A Sliver of Stardust
By Marissa Burt
Paperback, 376 pages
Wren Matthews is desperately trying to win the Science Trivia Olympiad, if only the large white falcon swooping around the room would disappear. The falcon does disappear, after dropping off a packet of sparkling papers containing nursery rhymes and an invitation to a place she’d never heard of. Joining her sort-of friend and rival in science, Simon, Wren embarks on a journey into a magical world that’s been right under her nose her whole life. Using nursery rhymes and stardust, Wren and Simon learn to weave the magic of the Fiddlers, but they may be in over their heads when an ancient evil threatens to resurface.
Not gonna lie, I was lured in by the cover of this book (and you can check out my Judging post for more detail). Naturally, the fact that it is also a middle-grade fantasy novel appealed to me as well. Sadly, it didn’t impress me, though I don’t think it’s a bad book.
What I enjoyed most was the way Burt wove familiar nursery rhymes into the story, using them to hint at things to come in each chapter and making them essential in the way Fiddler’s weave their spells. Fiddlers, those with the ability to use magic, use stardust and rhymes to perform all their spells. Some of the rhymes are twists on ones I remember from my childhood and others are crafted to suit specific needs like healing or creating light. Actually, all the rhymes used could be derived from others that I’m just no familiar with. Either way, I liked this part.
I also enjoyed Wren’s insecurities and emotional response to using magic. She takes everything in stride as she finds out about her new life and skills, but once immersed in the world of the Fiddlers she struggles to learn simple spells that Simon appears to master. Paired with strange dreams and little moments of shock about how her life has changed, this made Wren feel more solid than the other characters. One thing I can’t stand in any book is when someone from a non-magical world finds out they’re actually magical, or that magic exists, just says “oh, ok” and instantly adapts to their new surroundings. Simon fell into this category and I thought Wren was headed that way at first, so I’m glad she had a little more depth than that.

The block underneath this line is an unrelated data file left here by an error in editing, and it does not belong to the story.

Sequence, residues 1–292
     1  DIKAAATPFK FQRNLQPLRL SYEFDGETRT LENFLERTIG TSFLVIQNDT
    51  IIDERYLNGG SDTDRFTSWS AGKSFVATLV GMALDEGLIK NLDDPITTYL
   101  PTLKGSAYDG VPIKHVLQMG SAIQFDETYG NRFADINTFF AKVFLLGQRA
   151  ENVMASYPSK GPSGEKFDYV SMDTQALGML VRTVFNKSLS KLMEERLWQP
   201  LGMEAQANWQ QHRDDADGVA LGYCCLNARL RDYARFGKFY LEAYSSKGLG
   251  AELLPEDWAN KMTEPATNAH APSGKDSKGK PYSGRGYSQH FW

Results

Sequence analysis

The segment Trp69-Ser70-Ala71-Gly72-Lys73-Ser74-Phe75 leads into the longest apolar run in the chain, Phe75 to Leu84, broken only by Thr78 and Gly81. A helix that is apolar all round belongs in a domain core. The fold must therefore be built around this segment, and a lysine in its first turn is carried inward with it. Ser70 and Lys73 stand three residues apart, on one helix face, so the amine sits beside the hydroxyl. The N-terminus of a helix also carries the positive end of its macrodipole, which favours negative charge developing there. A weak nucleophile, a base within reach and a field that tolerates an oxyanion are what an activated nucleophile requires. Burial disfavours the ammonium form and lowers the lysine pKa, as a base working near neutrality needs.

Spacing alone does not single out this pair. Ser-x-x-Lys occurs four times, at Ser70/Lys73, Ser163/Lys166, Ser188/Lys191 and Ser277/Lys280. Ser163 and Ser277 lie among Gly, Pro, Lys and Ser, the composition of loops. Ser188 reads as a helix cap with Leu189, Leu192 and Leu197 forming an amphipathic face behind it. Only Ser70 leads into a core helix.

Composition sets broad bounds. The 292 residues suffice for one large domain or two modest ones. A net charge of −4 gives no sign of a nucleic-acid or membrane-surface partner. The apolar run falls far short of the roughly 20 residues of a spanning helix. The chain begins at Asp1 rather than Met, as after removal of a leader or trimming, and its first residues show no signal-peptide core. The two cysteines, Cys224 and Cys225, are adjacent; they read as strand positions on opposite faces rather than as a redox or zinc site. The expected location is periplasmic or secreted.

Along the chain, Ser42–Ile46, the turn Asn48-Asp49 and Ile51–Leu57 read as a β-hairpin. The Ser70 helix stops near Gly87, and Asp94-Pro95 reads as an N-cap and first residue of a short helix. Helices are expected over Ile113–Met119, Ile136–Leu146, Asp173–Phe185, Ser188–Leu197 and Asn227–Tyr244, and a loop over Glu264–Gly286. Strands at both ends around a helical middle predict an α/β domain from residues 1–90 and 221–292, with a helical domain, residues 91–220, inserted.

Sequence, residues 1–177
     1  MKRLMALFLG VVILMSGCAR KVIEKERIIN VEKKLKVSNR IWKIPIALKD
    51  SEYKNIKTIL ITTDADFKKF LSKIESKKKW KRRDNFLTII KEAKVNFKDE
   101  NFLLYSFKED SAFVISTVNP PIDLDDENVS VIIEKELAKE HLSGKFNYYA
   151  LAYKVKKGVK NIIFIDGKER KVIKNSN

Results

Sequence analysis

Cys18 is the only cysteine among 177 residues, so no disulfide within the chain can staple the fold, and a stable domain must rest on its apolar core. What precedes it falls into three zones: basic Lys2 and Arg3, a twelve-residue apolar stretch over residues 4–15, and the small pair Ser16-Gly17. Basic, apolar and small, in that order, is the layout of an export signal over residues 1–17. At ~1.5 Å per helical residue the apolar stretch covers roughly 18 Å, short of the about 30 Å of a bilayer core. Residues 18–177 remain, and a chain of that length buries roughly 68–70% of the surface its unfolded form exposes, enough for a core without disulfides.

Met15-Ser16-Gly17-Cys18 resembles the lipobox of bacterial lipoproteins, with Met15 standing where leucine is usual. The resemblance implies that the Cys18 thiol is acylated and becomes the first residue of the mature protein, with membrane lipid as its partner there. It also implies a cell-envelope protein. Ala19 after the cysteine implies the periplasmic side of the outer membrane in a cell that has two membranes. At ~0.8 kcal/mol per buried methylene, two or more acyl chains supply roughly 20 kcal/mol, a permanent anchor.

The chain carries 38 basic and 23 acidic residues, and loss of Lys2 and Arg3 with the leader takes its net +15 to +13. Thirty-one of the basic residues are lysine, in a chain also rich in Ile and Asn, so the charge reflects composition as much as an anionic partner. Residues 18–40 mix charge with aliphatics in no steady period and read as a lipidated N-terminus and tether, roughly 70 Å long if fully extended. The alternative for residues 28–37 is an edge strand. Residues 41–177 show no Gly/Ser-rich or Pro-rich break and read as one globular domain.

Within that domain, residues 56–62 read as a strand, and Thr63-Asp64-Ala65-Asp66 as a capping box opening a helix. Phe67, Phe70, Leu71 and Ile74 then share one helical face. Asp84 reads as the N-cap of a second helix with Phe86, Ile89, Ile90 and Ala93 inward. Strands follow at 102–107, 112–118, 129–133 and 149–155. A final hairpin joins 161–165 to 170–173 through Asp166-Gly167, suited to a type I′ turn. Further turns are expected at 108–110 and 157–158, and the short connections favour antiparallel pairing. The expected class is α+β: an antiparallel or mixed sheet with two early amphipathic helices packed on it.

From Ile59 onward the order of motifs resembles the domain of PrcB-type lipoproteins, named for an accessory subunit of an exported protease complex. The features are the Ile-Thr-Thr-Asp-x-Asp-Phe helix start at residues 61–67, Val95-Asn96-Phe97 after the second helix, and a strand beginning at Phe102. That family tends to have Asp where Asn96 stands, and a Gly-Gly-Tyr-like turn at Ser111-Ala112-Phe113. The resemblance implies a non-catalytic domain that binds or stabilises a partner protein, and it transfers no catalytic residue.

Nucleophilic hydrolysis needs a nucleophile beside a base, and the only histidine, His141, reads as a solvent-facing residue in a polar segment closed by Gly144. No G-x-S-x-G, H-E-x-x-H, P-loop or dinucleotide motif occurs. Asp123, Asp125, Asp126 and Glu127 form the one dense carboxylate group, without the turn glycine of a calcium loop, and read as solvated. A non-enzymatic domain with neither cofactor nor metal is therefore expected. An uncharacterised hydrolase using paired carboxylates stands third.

Otherwise, the story didn’t grab me and I didn’t feel immersed in the world of the Fiddlers. Many of the adult characters were paper thin (wokka wokka) and when Wren wasn’t having prophetic dreams most of her time was spent doing chores for Fiddlers or in Fiddler magic classes. Even though I don’t constantly read “magic school” type books, I am tired of that plotline.
Rhymes aside, the plot and characters weren’t strong enough to hold my interest and despite the action-packed ending, I won’t be reading the next book in the series.
Here is Burt’s website.